Graphic designer, Michal Cihlář, a creation (born) of the Czech artistic community, considers himself to be an applied artist with a sceptical relationship to the contemporary, artistic avant-garde. However, one cannot reduce his significance to his subjective self-assessment. His definitive and maximalist approach to artistic creation and its values has the traits of conceptually-distinct creative gestures.
In the 1980s Michal Cihlář belonged to the generation of post-modern students at the VŠUP. Early on at school he gained notice for his playfulness and, most of all, his hardworking nature (his thesis work involved making a life-size drawing of an elephant). As early as 1981 he discovered an original technique for colour linocuts, which he later went on to develop further. His graphic art works fascinated audiences with their dimensions and the amount of work they involved.
His graphic sheets of life-size persons or his 22-colour linocuts (in 1997 he created a 42-colour linocut) were no exception. His topical range included portraits of his friends, as well as linocut reproductions of various elements from applied graphics designers, chewing gum wrappers, street car (tram) tickets, food packaging, or even entire pages of newspapers. Here he expressed not only his adoration of so-called low-level expressions toward graphic art but also toward small collectors objects. He was also fundamentally influenced by the person and works of Andy Warhol. Michal Cihlář together with Rudo Prekop and Michal Bycek founded and brought to life the Andy Warhol Museum in Medzilaborce. They amassed an extensive archive of Warhol’s materials. Andy Warhol, or rather reproductions of his photographs and articles about him, became the bases of the artist’s graphic work.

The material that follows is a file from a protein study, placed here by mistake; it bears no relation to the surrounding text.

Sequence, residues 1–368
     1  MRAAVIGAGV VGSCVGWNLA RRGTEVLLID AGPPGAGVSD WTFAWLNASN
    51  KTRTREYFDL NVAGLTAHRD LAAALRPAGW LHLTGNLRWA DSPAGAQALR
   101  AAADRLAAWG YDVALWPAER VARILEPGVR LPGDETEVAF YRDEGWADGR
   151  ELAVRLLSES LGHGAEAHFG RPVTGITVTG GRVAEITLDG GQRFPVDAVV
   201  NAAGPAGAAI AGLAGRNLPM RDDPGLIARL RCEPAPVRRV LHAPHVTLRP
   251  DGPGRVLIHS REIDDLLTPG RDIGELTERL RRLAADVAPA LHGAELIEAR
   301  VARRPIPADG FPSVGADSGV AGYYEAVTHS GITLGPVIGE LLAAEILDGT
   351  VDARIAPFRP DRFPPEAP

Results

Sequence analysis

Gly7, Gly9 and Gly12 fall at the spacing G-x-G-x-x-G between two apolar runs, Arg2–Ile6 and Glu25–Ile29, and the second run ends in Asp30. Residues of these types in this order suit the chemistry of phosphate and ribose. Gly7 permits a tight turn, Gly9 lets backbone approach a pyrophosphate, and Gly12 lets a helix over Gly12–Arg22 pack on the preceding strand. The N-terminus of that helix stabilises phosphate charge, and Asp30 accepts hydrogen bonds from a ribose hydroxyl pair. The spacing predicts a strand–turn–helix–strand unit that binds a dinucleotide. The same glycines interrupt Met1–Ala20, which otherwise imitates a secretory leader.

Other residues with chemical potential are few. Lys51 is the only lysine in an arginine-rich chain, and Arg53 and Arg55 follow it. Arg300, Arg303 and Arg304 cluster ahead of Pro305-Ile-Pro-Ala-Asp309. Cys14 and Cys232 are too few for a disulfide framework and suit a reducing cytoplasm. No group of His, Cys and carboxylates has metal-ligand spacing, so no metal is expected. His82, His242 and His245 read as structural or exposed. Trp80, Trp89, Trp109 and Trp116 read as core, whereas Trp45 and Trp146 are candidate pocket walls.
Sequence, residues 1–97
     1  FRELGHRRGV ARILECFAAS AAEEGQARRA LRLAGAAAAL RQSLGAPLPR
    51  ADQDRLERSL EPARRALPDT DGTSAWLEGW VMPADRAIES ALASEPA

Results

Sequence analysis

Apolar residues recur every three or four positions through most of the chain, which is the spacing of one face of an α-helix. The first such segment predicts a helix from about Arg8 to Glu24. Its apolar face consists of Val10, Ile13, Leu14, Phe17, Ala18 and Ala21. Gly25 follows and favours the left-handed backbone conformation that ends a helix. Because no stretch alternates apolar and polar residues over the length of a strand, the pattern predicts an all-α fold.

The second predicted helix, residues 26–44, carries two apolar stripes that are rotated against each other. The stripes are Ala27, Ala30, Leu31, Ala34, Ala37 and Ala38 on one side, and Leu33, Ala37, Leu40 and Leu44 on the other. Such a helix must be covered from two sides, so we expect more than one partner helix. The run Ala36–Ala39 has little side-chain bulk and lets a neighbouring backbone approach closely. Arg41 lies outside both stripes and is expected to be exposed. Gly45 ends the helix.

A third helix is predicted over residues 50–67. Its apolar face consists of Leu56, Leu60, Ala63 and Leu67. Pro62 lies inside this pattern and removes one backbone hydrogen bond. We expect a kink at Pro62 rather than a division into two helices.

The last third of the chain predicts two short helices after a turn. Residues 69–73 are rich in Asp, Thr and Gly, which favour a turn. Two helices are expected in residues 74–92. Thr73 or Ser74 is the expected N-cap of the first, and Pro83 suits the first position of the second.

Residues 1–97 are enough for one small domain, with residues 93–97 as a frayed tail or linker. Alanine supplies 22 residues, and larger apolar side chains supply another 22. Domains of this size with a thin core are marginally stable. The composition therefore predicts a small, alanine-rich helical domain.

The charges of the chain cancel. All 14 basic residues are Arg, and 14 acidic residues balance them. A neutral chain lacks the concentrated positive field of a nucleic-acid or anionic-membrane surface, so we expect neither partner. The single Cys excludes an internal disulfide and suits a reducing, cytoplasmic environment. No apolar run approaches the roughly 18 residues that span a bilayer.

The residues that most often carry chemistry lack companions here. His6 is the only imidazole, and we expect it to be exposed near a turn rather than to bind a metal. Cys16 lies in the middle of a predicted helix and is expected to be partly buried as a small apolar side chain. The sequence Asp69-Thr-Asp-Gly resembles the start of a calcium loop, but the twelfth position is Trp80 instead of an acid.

In addition to linocuts, Michal Cihlář create collages: occasional plastic works made from coloured paper or arranged, hand-coloured photos of dead birds (1989). In the 1990s he began to devote more time to applied graphics: he created posters, tickets, postage stamps, book and magazine illustrations. He is creator of the Zoo Praha visual style (everything from tickets to small souvenirs to billboards). Among Michal Cihlář’s mature, later freestyle works belong photographs inspired by his daughter, Kiki. The resulting work confronts both source photography and its reproduction via linocuts. Since the 1990s he has also, albeit with some breaks, devoted time to creating linocut still-lifes.
Tomáš Pospiszyl, 2006